Built on land that the Counts of Altamira donated to the city in the 1500s, the park’s three main gravel avenues trace around a small hill, upon which hundreds of ancient oak trees have taken root. While the Spanish word alameda literally means “a place with álamo trees” or poplars, the term has come to mean any sort of grand, tree-lined promenade—which Santiago’s Alameda definitely fits.

The Santiago tourism board describes the park aspacego (adjective applied to the ancestral country houses in Galicia or pazos) because it was the recreation and leisure area of the city in the same way that the gardens of Galician pazos were areas of pleasure and enjoyment.” Envision the gardens of a palatial country estate, and you’ll get an idea of what the Alameda is supposed to be like.

Friday, October 3, 2014

Lisbon’s Historic Neighborhood of Belém: What to See & What to Skip

Before getting off the train in Lisbon’s magnificent Gare do Oriente train station, I was most looking forward to visiting the Portuguese capital’s historic neighborhood of Belém. Six kilometers west of Lisbon’s historic center, Belém (pronounced “bih-LANG” [bɨˈlɐ̃j]) has a concentration of museums and monuments a lot higher than the rest of Lisbon—or any city, for that matter.

Belém, Lisbon, Portugal
Insane ceiling tracery in the Mosteiro dos Jerónimos church
The area of Belém gained significance as an important harbor for sailors departing from and arriving in Lisbon during the Age of Exploration, when Portugal dominated the seas. Today, with the advent of modern tourism, Belém is a great daytrip away from the city center; a great place to moor your ship for a spell and take in the wonders of this World Heritage Site.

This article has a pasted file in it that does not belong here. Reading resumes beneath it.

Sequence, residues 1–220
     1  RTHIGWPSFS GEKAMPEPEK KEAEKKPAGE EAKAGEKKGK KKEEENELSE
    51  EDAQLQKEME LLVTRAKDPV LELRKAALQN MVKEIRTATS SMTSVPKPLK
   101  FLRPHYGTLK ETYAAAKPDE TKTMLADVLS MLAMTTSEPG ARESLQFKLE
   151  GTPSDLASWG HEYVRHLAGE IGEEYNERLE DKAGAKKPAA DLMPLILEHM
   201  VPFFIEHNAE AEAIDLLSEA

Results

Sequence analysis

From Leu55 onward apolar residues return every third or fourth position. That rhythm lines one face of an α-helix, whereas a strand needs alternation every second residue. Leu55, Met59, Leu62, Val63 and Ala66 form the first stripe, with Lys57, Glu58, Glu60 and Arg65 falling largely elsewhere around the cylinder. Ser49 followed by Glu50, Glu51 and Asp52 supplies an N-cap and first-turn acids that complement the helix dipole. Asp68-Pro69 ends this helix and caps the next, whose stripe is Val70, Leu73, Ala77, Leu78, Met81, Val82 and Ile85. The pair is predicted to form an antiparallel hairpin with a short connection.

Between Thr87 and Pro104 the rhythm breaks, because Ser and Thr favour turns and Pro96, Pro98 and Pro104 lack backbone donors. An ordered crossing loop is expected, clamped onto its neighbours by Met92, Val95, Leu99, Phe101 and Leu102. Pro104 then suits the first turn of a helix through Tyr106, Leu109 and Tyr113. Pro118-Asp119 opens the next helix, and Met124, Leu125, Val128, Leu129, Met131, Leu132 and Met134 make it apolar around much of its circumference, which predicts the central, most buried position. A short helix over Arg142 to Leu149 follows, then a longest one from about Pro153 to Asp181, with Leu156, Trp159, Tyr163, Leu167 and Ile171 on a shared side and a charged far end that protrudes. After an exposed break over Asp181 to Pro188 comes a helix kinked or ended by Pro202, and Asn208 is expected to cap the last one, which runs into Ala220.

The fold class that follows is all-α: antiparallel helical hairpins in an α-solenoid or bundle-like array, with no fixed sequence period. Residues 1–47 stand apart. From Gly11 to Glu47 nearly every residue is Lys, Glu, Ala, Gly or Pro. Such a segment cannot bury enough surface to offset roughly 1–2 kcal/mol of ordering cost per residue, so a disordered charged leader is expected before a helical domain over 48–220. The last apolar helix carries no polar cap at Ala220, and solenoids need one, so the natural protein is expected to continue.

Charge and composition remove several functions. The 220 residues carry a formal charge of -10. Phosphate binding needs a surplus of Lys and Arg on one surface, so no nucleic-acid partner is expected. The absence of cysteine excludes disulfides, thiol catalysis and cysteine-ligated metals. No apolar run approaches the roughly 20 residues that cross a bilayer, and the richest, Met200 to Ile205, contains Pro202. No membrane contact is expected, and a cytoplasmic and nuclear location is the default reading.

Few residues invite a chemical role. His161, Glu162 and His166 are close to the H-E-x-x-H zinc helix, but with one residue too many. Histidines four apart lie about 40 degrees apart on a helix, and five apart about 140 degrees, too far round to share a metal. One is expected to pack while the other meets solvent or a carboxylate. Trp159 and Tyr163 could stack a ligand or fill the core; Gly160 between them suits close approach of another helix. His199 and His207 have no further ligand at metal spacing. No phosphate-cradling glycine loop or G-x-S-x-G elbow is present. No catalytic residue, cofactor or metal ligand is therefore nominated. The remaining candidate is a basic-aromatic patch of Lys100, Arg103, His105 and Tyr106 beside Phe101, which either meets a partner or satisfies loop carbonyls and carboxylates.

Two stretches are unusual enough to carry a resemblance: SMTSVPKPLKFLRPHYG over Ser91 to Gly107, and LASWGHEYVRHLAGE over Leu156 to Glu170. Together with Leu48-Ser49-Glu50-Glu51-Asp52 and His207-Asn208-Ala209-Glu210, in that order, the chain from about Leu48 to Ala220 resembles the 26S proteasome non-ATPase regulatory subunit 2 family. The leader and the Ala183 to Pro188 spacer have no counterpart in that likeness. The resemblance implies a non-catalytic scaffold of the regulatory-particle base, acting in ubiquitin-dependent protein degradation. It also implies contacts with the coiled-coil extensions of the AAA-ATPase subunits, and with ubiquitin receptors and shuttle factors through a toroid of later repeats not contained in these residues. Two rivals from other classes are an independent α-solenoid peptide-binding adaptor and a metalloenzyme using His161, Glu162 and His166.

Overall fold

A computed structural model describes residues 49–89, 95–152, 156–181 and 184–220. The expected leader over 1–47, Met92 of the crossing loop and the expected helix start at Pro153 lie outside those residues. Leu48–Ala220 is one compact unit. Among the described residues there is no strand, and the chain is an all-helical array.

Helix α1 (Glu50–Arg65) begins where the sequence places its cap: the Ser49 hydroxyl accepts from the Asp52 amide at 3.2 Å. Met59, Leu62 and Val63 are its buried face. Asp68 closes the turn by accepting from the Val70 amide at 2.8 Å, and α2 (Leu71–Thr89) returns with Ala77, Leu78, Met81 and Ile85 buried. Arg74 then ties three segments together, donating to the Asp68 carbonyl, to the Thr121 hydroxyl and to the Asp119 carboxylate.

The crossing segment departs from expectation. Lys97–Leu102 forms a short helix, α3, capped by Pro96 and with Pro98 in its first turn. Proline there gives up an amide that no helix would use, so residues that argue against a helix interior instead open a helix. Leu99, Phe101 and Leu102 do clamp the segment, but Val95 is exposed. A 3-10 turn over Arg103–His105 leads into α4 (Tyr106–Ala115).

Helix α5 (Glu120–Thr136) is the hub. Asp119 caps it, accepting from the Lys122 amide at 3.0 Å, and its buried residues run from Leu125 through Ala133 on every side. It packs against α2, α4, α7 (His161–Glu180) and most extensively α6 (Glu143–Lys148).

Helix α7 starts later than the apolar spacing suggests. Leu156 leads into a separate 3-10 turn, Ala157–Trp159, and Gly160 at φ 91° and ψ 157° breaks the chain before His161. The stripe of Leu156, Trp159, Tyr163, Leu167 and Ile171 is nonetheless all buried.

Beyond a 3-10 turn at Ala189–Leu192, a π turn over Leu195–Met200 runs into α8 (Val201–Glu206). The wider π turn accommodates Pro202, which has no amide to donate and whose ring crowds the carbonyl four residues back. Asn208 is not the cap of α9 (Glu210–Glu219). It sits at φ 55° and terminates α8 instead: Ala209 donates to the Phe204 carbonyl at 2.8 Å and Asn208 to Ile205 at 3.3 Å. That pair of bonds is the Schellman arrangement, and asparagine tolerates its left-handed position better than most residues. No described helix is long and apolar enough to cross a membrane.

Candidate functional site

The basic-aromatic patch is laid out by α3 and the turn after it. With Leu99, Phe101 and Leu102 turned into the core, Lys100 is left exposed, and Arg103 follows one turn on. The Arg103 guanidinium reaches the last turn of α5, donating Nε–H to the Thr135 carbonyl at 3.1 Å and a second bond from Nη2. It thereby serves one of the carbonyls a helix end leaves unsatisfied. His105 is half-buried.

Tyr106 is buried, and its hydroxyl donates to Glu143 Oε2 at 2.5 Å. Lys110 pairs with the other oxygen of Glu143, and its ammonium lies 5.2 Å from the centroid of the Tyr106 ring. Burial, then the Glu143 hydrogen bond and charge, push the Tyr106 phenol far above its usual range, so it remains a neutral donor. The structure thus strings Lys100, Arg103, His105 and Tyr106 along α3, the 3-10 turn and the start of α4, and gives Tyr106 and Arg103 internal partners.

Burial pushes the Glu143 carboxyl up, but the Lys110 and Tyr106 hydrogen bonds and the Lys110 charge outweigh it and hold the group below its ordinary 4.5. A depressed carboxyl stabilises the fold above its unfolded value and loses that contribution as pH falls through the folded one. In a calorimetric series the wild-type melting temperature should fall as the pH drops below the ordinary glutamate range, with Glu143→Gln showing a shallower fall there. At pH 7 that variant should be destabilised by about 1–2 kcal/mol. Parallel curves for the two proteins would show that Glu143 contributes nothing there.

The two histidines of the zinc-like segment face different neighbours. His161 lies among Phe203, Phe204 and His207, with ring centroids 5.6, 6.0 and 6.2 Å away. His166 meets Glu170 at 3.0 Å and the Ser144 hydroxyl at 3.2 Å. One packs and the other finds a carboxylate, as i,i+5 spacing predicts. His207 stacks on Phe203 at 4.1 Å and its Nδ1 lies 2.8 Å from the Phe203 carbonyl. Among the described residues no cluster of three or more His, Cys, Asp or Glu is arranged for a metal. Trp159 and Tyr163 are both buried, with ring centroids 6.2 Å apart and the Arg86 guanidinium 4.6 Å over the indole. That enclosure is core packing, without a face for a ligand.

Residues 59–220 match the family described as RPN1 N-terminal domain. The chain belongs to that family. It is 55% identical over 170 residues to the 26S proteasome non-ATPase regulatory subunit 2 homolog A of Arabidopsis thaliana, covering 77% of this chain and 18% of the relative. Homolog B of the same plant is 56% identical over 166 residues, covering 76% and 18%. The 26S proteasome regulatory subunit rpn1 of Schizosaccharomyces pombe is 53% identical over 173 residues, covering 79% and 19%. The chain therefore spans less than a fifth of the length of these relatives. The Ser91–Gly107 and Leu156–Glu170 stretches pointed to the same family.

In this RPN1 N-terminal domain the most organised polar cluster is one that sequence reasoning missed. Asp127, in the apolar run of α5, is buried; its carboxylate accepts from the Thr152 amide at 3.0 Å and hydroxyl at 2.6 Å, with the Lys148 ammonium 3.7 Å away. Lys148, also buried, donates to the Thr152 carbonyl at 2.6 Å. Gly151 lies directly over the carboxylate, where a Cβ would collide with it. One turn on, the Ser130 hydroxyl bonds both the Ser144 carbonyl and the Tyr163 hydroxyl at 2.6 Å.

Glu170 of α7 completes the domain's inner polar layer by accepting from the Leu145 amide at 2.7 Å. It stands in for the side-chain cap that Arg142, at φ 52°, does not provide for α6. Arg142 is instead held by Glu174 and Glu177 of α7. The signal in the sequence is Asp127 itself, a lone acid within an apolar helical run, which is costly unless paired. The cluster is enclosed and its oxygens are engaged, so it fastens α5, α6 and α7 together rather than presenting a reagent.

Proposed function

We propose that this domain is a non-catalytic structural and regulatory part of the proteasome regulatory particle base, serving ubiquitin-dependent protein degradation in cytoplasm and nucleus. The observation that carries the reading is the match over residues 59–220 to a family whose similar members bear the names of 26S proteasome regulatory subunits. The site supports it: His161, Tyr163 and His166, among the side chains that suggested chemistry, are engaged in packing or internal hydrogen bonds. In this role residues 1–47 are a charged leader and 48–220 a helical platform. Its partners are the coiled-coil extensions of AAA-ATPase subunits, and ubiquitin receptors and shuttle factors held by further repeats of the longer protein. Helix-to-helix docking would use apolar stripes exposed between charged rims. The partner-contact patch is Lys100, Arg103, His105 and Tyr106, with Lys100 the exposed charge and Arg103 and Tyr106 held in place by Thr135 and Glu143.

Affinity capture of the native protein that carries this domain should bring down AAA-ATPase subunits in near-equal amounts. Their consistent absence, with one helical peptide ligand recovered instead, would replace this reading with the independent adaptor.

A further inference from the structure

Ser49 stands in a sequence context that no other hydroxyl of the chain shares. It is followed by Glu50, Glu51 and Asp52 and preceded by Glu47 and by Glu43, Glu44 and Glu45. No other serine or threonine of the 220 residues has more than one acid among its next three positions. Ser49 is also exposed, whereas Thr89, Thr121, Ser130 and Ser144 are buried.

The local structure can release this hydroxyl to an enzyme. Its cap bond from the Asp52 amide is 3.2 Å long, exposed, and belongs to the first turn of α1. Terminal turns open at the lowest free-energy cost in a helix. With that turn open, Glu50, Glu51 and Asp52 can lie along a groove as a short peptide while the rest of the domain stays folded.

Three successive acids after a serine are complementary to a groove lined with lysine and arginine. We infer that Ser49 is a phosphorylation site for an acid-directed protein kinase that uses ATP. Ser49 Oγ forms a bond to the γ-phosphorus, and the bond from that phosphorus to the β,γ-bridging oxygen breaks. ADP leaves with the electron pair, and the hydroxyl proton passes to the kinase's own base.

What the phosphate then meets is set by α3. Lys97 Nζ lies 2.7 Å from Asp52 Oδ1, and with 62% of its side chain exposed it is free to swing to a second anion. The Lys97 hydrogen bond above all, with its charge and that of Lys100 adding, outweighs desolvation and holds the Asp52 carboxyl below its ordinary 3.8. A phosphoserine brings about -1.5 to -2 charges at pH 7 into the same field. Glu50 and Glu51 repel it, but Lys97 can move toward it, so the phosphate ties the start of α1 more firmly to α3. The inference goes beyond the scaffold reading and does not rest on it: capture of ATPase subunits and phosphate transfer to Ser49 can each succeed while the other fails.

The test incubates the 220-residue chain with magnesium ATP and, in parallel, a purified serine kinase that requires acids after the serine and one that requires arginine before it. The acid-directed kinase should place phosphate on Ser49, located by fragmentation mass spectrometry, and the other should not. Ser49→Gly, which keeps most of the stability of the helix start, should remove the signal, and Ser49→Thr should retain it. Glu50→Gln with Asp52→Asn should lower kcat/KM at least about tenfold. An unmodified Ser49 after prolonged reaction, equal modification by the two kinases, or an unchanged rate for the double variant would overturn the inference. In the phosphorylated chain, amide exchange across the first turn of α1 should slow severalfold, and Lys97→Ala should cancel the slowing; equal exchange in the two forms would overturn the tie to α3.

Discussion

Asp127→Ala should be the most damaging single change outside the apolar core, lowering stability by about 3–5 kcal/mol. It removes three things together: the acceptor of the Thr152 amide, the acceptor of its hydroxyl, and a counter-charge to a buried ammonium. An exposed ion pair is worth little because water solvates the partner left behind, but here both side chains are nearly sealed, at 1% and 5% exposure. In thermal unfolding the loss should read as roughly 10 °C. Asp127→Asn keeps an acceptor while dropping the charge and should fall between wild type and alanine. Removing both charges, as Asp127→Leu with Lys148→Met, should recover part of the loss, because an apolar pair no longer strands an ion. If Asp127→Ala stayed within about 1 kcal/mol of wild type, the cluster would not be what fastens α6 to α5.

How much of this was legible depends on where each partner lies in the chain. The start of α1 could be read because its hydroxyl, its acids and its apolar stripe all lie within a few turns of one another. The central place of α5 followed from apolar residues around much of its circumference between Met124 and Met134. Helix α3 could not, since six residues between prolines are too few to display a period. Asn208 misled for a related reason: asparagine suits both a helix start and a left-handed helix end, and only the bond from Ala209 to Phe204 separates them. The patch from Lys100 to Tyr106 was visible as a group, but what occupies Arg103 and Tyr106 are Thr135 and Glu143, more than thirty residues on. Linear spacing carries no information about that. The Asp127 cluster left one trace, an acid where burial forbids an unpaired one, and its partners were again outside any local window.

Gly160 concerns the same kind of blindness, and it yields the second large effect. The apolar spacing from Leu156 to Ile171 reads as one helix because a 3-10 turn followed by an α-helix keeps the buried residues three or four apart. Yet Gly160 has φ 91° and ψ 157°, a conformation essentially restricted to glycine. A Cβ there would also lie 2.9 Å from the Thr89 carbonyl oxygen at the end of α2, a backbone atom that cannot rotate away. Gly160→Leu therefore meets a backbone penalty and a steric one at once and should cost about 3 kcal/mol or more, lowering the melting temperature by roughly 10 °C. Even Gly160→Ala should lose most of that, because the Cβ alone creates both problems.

Mosteiro dos Jerónimos (Jerónimos Monastery)

Belém, Lisbon, Portugal
South façade
This sprawling, gargantuan complex owes its creation to King Manuel I, who ordered a monastery to be built here in 1501 to minister to Atlantic-bound mariners and pray for the souls of the kings of Portugal. It was paid for with the 5% tax the crown levied on all goods coming from Portuguese trade and exploration abroad; spices were a big deal half a millennium ago! Until the mid-1800s a community of Hieronymite monks (i.e., the Order of St. Jerome) lived in the cells, strolled through the cloisters, and prayed in the church.

Constructed in gleaming white limestone, the monastery was designed in the Late Gothic style, also known as Manueline because King Manuel was a big sponsor of architectural projects at the time.

Belém, Lisbon, Portugal
Fanciful cloisters
Although the orderly and idealizing Renaissance was in full swing in Italy at the time, I think it’s so cool that Portugal took the Gothic style to its fanciful and otherworldly extreme: richly-decorated cloister arches float from one column to another; flowers, leaves, and natural motifs creep up pills and columns; and inside the church you feel as if you’ve entered a forest—the columns branch out into vaultings that cover the ceiling like spider webs.